Etty, It is rare to see such a balanced and accurate article about wine closures. Well done.  I have just two points to make:   Thanks to multi-million-dollar investments by the cork industry, TCA is not nearly the problem it was in years past.  The rate of contamination is now at or less than 1% from reputable cork manufacturers. (http://www.corktaint.com/) Using cork benefits the environment because it supports the stewardship of cork oak groves that trap carbon and provide habitat and jobs.  It’s also biodegradable and recyclable.  Screw-caps, of course, are made from aluminum derived from open-pit bauxite mines.  And while they can theoretically be recycled, they rarely are.I look forward to reading more of your posts.Lance

  • PSpencer

    Etty, 
    Your article raises some good points, thank you for taking the time to raise them. Please allow me to suggest a few corrections:

    1. 246-TCA is not a fungus but a chemical agent.

    2. Not all wines that have been affected by TCA are rendered “undrinkable”, there are varying levels of taint and every person has a different tolerance/intolerance to TCA, regarding taste.

    3.Wine closed with screw caps can be affected by TCA if it is prevalent in the winery. 

    4. The statement that wines closed with screw cap are always in “perfect condition” is not 100% correct. Many tests and studies have shown that up to 2.5% of all screw caps wines tested were “flawed or off” due to reduction issues. 

    In closing it should be noted that wine makers must change the way they make their wines to accomodate screw caps, including adding significant amounts of copper. Future testing will determine if these amounts of copper are in fact harmful to our health.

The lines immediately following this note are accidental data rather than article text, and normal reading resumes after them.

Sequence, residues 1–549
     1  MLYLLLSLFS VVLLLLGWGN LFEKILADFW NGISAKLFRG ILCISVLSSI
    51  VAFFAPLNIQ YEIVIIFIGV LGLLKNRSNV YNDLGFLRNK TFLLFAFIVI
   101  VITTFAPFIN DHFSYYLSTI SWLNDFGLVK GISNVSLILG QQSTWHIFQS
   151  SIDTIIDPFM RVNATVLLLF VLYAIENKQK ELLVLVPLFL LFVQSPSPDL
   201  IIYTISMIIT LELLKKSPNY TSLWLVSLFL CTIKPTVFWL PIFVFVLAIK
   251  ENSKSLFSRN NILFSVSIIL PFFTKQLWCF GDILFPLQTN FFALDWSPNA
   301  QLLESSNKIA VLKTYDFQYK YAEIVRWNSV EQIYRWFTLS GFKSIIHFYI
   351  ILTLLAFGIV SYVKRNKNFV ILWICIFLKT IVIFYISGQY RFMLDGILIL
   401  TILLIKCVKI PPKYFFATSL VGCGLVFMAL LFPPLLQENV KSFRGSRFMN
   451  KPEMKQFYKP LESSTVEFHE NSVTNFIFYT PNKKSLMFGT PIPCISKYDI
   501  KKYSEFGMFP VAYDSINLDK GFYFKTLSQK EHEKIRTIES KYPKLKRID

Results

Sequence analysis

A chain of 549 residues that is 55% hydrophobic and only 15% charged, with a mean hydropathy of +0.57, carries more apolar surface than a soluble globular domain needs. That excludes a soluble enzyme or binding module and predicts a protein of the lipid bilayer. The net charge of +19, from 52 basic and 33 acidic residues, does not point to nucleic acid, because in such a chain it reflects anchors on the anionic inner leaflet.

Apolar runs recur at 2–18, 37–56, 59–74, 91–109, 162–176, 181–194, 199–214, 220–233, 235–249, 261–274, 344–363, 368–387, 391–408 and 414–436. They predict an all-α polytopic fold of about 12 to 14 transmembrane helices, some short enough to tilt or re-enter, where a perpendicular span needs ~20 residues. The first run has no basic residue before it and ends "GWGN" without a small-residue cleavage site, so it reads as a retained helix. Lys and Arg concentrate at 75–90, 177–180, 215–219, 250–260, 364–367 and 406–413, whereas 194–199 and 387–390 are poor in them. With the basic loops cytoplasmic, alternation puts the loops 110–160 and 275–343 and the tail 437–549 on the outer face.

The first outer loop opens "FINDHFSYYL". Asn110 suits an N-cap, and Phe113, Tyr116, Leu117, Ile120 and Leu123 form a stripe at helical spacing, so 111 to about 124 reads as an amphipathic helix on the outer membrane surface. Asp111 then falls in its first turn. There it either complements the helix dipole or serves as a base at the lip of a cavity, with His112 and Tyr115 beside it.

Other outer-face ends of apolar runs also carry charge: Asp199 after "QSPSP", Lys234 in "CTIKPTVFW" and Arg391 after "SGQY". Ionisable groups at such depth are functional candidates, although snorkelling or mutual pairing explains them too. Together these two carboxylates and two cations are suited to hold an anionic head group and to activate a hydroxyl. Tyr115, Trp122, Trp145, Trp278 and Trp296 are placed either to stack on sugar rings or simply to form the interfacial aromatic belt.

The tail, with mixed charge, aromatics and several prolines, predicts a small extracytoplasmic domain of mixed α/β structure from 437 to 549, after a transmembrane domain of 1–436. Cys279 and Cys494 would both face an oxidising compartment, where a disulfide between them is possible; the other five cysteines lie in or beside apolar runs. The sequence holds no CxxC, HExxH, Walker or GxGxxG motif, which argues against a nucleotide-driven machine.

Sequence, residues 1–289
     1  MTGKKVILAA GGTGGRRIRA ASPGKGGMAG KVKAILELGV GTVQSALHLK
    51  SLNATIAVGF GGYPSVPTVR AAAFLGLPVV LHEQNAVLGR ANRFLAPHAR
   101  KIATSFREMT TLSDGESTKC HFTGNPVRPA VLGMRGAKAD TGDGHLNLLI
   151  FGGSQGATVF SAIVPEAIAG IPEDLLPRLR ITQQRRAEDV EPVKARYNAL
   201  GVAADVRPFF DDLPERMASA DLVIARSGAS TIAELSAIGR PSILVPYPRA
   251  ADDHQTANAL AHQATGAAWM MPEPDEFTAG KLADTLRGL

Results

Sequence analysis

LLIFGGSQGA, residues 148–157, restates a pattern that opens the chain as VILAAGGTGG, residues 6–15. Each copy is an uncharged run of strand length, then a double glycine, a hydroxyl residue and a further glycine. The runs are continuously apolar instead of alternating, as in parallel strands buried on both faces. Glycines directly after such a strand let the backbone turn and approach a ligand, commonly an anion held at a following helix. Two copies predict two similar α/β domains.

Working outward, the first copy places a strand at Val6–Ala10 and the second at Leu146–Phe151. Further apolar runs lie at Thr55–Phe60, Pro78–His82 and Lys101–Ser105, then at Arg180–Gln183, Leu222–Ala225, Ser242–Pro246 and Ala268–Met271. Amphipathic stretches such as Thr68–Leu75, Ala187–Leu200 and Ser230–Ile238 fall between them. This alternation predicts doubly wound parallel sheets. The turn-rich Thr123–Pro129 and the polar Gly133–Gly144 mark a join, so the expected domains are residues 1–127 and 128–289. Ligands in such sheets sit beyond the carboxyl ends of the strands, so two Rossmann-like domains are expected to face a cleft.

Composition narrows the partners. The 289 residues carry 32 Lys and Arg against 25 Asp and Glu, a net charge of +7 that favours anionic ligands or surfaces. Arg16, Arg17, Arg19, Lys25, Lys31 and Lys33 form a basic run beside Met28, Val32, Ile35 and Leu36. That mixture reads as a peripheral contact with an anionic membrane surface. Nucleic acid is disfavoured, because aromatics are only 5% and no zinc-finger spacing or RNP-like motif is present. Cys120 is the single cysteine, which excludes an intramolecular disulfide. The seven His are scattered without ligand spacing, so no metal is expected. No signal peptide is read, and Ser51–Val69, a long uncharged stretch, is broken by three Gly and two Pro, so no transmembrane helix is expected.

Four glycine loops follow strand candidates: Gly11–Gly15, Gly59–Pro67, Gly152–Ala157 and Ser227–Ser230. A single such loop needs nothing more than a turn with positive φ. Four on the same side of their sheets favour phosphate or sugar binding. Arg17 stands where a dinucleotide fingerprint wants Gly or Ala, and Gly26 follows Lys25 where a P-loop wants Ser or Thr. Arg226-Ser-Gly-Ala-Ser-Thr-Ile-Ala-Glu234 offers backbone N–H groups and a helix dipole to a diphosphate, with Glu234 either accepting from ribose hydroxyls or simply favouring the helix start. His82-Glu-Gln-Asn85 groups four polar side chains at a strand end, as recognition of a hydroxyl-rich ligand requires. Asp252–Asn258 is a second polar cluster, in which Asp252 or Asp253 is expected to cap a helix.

Best,
    Patrick Spencer
    Executive Director
    Cork Forest Conservation Alliance

  • Pingback: Menuism: Screw Caps vs. Corks: What You Need To know | Screw Cable()

  • David Moore

    It’s inaccurate to say that screw caps are not for the “long haul.” The longest-lived wines from some of the greatest wine growers in the world are sealed with screw caps for almost every market except the U.S. I just recently drank a 2006 “Grosses Gewachs” riesling from Peter Jakob Kuhn, that was stunning. The magnificent “Ceparello” from Isole e Olena is bottled under screw cap for international markets, and I doubt the producer (Paolo De Marchi) would play loose with his “flagship.”

    A more accurate description of the situation would be to say that “the jury’s still out” regarding the long-term storage of wine under the stelvin screw cap, and, for that matter, all “alternative” closures, such as nomacorc. We have, thankfully, passed by the time when hard plastic corks were considered a useful alternative.

Etty Lewensztain is the owner of Plonk Wine Merchants, an online shop focused on small-production, artisanal and altogether great cheap wine. The food- and wine- obsessed Los Angeles native cut her teeth in the wine biz running a marketing campaign to promote Chilean wine in the United States, and is certified by the esteemed Wine & Spirit Education Trust (WSET) and the American Sommelier Association. Plonk Wine Merchants specializes in hidden gems from around the globe and every bottle in the store is priced below $30. Follow Plonk Wine Merchants on Twitter @ PlonkOnline.